If you ask me, they are much too strict but at least they are performed in a scientifically sound way. One issue brought up all the time is that the companies themselves provide the data for the risk evaluations. Can we trust them? But that’s how we wanted the system to work. It’s the same for pharmaceuticals. If a company wants to sell a new pharmaceutical, it’s the company that has to pay for risk assessment, not the public. The same is true for crops. If a seed company wants to make money, it has to prove that its product is safe. But it is used as an argument against the system: how can we rely on data produced by the company?

A lot of independent university research has come to the same conclusion: GM technology isn’t more dangerous than any other breeding technology. But, of course, EFSA doesn’t ask for this kind of data and thus, companies don’t include it in their application. Even if EFSA approves, the Standing Committee can still, for political reasons, say: “No, we don’t believe in this, you have checked these insects but you haven’t checked those insects, do that as well”. Then it returns to EFSA and the circle starts again. It’s a bouncing ball that has delayed [GMO approvals] for a decade in some cases. Basically, the Standing Committee comes up with whatever to block the approvals. So, the system is flawed although it is, in principle, scientific.

In November, the European Parliament approved draft plans to allow Member States to restrict or ban GM crops on their own territory. Will this block GMO cultivation in Europe for good?

Originally, the draft proposal said that there should be some [scientific] rationale behind a ban and not just an aversion against GMOs. I’m not a specialist in this… Some people say - I don’t know whether it’s true - that the companies in a way will have to admit that their crops could be dangerous, if there is a ban. And, of course, there is the extra economic burden put on those that want to use them. There are a lot of issues. If a variety is allowed in Spain but not in France, there have to be very strict measures to prevent unintentional export or even pollen flow from Spain to France. Spain can’t do what it wants on its territory because France has decided against GMOs. How could you then talk about a common market?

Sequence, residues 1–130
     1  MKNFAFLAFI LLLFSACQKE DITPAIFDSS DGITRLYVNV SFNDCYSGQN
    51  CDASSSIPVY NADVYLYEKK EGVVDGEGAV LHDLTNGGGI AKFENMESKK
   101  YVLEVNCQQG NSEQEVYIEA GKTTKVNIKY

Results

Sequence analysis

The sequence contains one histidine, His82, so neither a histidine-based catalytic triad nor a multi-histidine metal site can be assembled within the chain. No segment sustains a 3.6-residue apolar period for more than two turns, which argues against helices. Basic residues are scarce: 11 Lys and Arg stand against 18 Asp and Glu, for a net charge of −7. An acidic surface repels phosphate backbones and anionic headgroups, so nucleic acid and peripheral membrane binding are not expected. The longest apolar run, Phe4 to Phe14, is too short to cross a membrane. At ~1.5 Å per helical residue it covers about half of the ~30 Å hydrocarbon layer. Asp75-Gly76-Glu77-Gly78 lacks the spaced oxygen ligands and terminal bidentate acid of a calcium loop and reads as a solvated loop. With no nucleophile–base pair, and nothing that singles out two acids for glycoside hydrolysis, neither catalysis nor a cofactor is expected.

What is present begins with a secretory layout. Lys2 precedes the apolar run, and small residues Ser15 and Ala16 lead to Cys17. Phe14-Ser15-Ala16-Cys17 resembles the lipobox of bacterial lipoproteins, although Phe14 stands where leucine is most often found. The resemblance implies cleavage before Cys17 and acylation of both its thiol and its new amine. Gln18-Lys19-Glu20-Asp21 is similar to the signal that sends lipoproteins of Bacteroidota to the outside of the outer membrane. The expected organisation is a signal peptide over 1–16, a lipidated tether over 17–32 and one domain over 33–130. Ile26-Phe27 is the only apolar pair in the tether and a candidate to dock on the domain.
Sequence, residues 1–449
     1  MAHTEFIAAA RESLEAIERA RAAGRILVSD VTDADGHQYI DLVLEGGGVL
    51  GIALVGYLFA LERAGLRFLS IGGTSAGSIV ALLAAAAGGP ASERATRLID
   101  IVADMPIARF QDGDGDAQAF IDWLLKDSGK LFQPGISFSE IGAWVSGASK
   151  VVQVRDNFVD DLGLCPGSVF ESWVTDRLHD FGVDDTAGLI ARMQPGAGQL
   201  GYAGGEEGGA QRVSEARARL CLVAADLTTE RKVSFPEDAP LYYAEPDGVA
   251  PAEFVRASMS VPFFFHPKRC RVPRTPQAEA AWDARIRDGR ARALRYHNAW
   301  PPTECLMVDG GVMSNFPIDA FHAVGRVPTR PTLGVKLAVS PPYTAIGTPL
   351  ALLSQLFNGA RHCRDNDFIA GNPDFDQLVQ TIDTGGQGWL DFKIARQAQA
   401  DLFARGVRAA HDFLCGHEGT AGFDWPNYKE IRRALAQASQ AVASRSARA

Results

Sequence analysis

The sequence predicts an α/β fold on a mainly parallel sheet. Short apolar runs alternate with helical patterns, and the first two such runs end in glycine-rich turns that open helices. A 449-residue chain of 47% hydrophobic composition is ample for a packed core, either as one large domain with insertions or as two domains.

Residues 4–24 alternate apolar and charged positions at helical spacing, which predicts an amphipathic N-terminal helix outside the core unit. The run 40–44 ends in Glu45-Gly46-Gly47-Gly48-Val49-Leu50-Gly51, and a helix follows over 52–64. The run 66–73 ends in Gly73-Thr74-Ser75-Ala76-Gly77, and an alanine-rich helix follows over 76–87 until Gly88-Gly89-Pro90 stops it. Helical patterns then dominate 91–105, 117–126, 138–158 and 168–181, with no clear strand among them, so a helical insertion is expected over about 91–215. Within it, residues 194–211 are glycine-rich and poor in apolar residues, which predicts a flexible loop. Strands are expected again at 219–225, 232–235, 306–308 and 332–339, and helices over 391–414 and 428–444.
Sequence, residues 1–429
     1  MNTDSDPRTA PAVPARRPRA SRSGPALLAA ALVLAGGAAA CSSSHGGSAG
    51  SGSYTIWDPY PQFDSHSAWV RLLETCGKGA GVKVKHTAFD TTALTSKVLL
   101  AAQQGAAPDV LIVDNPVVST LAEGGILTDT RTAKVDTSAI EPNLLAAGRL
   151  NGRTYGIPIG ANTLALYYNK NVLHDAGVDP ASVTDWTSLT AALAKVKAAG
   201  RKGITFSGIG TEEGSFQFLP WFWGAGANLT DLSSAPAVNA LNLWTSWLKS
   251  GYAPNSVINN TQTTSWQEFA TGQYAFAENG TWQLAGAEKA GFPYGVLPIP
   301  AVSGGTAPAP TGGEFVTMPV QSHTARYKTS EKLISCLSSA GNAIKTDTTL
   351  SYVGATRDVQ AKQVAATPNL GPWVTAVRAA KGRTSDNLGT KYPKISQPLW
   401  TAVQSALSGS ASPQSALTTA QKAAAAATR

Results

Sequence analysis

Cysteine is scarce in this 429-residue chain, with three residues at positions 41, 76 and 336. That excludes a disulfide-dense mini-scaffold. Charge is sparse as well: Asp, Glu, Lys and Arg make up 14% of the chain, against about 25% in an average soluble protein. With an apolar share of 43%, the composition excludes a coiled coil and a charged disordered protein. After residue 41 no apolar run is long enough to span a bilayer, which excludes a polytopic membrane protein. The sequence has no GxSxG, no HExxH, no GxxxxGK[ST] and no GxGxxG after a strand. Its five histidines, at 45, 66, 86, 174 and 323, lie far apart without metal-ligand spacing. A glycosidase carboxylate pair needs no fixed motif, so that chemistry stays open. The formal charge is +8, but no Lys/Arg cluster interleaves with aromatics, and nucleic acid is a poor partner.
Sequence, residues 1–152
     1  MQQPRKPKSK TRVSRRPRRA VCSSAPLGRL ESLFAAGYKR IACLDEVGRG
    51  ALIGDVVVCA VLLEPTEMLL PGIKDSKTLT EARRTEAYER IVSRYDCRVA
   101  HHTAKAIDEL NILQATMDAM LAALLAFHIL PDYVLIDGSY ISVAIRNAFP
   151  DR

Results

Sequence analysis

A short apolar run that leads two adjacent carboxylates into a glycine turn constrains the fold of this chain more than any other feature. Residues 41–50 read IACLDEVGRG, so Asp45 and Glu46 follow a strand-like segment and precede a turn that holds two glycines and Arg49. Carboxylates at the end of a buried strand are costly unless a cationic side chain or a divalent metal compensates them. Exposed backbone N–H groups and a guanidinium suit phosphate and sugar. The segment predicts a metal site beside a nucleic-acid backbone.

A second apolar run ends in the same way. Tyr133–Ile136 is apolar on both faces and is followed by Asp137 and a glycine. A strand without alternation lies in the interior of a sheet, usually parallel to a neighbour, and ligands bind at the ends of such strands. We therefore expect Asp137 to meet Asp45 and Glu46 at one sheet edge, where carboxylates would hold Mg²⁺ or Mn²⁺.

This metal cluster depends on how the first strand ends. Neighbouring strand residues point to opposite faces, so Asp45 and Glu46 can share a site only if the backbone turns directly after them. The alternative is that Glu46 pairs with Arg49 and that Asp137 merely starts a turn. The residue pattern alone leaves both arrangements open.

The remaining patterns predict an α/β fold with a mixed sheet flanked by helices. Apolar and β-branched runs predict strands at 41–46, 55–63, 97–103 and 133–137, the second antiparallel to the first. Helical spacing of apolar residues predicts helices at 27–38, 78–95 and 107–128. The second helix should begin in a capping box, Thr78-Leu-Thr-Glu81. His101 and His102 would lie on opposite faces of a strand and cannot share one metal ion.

Could the original proposal have worked?

With the original compromise, I had the feeling that it can’t get worse, so at least we can try it. But now it’s hard to know. In the upcoming months, a re-evaluation of the whole approval system is planned. Before the release of the draft plans, we were hoping things will improve but now, in the light of what happened, we really wonder if these things will go in the right direction. Juncker stated: “I don’t think it’s right that we have to approve varieties just because they have been found safe.” If you replace ‘crops’ with ‘pharmaceuticals’, everyone would realise how ridiculous it sounds. But when it comes to GM crops, it’s an argument you can make, obviously.

Will GMOs ever be grown in Europe?

In 50 years, there’s no doubt they will be grown everywhere, probably not in 10 or 20 years. I think [public] opinion in Europe will eventually change when farmers will ask for GM plants and when we realise that the rest of the world is passing us on this. […] Companies have already given up in Europe. Every year, the pressure is increasing on European agriculture. We become more and more dependent on the outside world, in particular of feed but also food. European agriculture is lagging behind in terms of development, yields and so on. So, every year the rest of the world is improving more than we’re doing here.

What will happen to plant science in Europe?

It won’t disappear but it won’t flourish either. Maybe, in ten years, there will be fewer plant scientists and they will be a little less useful for society.

Interview: Isabel Torres

Photos (2): Jansson lab